Rxivist logo

The feasibility of atrial and ventricular arrhythmias recognition using metrics of signal complexity for heartbeat intervals

By Ming Huang, Koshiro Kido, Naoaki Ono, Altaf-UI-Amin, Toshiyo Tamura, Shigehiko Kanaya

Posted 17 Apr 2019
bioRxiv DOI: 10.1101/612002

It is well known that the cardiac system is controlled by the complex nonlinear self-regulation and the heartbeat variability (HRV) is an independent indicator of the autonomic regulation. With the assumption that intrinsic differences of atrial fibrillation (A) and ventricular ectopic arrhythmias (V) can be unveiled by a proper approach based on of signal complexity, we examine the feasibility of detecting these arrhythmias of different pathological origins using metrics of complexity for heartbeat intervals (HRI). Specifically, the normal sinus rhythm (N), the A type and the V type are used as the targeted types of heartbeat. By extracting the entropy-based features from HRI of different lengths, i.e., from 300 heartbeats to 1000 heartbeats, we examined the distinguishability of these 3 types of heartbeat. By applying the features to the random forest model, the HRI signal of 600-heartbeat-length can be used to detect the A and V completely, i.e., with 100% of type-wise recall and precision. What is more, this approach is sensitive to the existence of the corresponding arrhythmias. The results substantiate our assumption about the intrinsic difference of the A and V type. A further investigation applying this approach to a wider spectrum and a finer stratification of arrhythmias/ cardiac diseases and may lead to the systematic understanding in the context of complexity and better insight for its practical use for wearable/unconstrained monitors.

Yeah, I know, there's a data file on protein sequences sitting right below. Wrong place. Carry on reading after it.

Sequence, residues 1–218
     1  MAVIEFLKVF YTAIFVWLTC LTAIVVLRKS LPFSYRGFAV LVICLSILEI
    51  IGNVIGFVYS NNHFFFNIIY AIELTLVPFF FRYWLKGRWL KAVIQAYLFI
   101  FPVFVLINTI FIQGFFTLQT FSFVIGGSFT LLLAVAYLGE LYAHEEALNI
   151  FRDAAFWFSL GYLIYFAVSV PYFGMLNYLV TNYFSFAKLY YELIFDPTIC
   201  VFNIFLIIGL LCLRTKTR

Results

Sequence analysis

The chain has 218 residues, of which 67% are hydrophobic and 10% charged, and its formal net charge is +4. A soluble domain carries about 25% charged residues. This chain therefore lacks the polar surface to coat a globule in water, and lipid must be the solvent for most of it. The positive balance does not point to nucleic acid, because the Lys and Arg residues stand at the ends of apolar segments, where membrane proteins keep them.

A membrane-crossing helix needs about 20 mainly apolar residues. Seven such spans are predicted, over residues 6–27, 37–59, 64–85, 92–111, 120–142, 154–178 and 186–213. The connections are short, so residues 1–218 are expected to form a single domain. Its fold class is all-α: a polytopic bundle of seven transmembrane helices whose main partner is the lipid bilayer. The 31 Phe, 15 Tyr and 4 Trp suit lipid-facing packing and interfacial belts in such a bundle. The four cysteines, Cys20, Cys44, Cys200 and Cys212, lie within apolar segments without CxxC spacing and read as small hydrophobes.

Download data

  • Downloaded 293 times
  • Download rankings, all-time:
    • Site-wide: 122,836
    • In physiology: 1,185
  • Year to date:
    • Site-wide: 128,796
  • Since beginning of last month:
    • Site-wide: 161,657

Altmetric data

Downloads over time

Distribution of downloads per paper, site-wide